There’s still something about those college years, maybe 20. I have this picture from my 20th birthday, where my hair is cornrowed, and my sister is taking me out to dinner in Charlottesville. I’m cheesing and full of life, and my middle sister, whose birthday is the day before mine, will also come celebrate with me soon, and she has just turned 25. See how safe we are here, as sisters? 20, 25, and 26. We are untouchable together, protected by our youth, it seems. I wouldn’t go back, though. I was safe in that moment because it was my first time in that moment. It wouldn’t be the same if I returned.
Is there someone who is older than you, who makes growing older inspiring to you? Who is your aging idol and why?
My Grandma Betty. She’s a boss who drinks hot water and eats sprouts during the day so she can eat a quart of ice cream at night. Goals.
What aging-related adjustments have you recently made, style-wise, beauty-wise, health-wise?
Oof. I’ve started to consider eating less ice cream, honestly. It became my thing during the pandemic, and I will always love dessert, but maybe I should switch my IG to @writingforicecreamSOMETIMESduh. I have a family history, as we all do, and I don’t want to live without sweets, but I don’t want a doctor to look at me and say, “Hey, you might be putting yourself at risk for xyz.” Did I mention I’m prone to shame? The Peloton has helped to balance out the pandemic ice cream, and because instructor Tunde Oyeneyin is about my age and still looks amazing, I feel like I’m still young enough to get it when I’m on the bike.
Style-wise, I will sometimes splurge on an item from Anthropologie if it flatters my body or sparks joy while draining my wallet. I can’t just buy clothes at Forever 21 anymore. I’d rather have fewer items that are a good fit.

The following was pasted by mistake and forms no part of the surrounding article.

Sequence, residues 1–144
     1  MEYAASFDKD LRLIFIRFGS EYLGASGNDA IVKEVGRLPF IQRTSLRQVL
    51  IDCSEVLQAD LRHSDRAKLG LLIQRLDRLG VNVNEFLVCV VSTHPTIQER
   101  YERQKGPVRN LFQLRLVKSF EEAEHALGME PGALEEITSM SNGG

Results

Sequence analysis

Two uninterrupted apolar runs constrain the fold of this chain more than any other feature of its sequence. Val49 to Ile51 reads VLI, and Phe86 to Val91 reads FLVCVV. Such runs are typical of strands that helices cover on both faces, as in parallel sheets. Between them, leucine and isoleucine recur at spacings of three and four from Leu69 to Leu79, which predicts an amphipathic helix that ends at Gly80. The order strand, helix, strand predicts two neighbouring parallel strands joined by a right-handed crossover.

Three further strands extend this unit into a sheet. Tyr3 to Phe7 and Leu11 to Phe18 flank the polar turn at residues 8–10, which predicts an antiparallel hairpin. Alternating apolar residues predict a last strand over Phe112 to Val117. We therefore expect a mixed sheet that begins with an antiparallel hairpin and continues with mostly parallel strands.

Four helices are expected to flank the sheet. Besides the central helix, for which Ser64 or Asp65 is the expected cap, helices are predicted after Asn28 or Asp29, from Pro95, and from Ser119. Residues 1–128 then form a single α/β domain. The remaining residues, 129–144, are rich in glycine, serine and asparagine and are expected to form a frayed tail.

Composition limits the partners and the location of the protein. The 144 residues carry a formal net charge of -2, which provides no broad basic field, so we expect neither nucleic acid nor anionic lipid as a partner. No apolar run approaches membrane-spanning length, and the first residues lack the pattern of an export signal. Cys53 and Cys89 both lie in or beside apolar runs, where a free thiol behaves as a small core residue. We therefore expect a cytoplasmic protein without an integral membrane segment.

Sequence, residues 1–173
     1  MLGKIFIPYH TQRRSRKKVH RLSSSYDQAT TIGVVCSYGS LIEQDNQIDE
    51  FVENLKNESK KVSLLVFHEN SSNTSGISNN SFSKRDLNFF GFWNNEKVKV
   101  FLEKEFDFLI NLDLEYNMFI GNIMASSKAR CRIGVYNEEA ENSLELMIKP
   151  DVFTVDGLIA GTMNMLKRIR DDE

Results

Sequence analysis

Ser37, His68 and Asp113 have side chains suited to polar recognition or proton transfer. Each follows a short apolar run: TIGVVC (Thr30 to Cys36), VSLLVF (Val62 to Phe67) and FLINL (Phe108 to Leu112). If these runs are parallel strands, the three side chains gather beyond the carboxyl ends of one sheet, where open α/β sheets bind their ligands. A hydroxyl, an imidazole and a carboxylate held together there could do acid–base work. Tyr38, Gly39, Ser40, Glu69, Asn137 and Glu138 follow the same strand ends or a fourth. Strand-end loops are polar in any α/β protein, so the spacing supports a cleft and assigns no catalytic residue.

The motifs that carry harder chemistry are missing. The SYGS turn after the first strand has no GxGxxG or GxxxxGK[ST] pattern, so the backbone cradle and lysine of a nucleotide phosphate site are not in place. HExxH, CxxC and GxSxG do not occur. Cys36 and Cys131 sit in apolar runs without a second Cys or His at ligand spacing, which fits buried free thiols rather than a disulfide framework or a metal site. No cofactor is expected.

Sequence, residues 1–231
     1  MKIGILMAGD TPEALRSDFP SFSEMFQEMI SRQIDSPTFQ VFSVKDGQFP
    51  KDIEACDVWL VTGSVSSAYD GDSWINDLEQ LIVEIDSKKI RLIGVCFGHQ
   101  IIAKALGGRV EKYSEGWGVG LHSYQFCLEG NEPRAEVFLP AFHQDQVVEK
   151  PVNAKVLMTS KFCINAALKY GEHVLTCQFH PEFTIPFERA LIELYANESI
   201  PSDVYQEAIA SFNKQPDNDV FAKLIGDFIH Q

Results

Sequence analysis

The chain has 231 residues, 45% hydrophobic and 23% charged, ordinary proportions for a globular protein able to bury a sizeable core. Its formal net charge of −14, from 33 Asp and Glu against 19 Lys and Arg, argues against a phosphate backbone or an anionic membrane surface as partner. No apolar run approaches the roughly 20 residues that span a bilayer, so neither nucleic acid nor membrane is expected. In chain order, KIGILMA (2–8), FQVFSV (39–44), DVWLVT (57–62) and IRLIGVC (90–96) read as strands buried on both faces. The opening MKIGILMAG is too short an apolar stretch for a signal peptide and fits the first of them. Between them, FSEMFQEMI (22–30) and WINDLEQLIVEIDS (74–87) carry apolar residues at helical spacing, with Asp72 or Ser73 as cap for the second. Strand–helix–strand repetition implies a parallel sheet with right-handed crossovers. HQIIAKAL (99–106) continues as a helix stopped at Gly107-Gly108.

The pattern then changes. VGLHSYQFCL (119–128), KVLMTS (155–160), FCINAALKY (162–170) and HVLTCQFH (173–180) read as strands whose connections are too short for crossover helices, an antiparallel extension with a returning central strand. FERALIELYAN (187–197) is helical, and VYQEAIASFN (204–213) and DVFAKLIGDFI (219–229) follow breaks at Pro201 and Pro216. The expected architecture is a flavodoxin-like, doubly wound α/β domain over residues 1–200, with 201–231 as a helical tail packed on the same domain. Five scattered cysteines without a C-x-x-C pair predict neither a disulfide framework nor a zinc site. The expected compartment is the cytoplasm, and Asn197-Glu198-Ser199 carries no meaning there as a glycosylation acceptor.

Beauty-wise—this is so interesting—but I had to see a dermatologist for the first time in ages. I guess I got adult-onset acne? I felt 13 again but not in a good way. So I’ve started paying more attention to my skin and not taking my hair for granted, because it grows much more slowly now. And I cherish my freckles because they seem unique to me. They’ve sorta been there all along but are really showing out as I get older. Good for them.
What’s an aging-related adjustment you refuse to make, and why?
Hear me on this: I will not wear just any old comfortable shoes. I do prefer flats, which some may say aren’t stylish anyway. But for me, the flats must be fashionable. And don’t you dare gift me a pair of Skechers. My first pair of baby shoes were sneakers, and I’ve been very particular about my sneakers since. It’s not that they have to be spotless or expensive. I will stalk shoes until they go on sale, and I love when they get a little worn. It’s more about the quality and color scheme for me. New Balances tend to be my favorite casual sneakers. I go to Nisolo for boots, and I don’t regret my Rothys purchases, even though my surgeon says they are the new Dansko clogs.
What’s your philosophy on celebrating birthdays as an adult?
How do you celebrate yours? Here’s where my “baby of the family” issues really show up. I WANT A WHOLE DAY. Let’s do gifts and treats from morning til midnight. I don’t want a parade or a ton of people hanging around. I don’t want to explore a museum or hang glide because experiences are better. I want texts and presents and cake and ice cream. Maybe, after all these years, I am actually still 5.
Taylor Harris is a writer, wife, and mom of three who likes living in college towns. Her work has appeared in TIME, O Quarterly, The Washington Post, Longreads, The Cut, Romper, Parents, McSweeney’s, and other publications. She is the author of the upcoming book This Boy We Made: A Memoir of Motherhood, Genetics, and Facing the Unknown.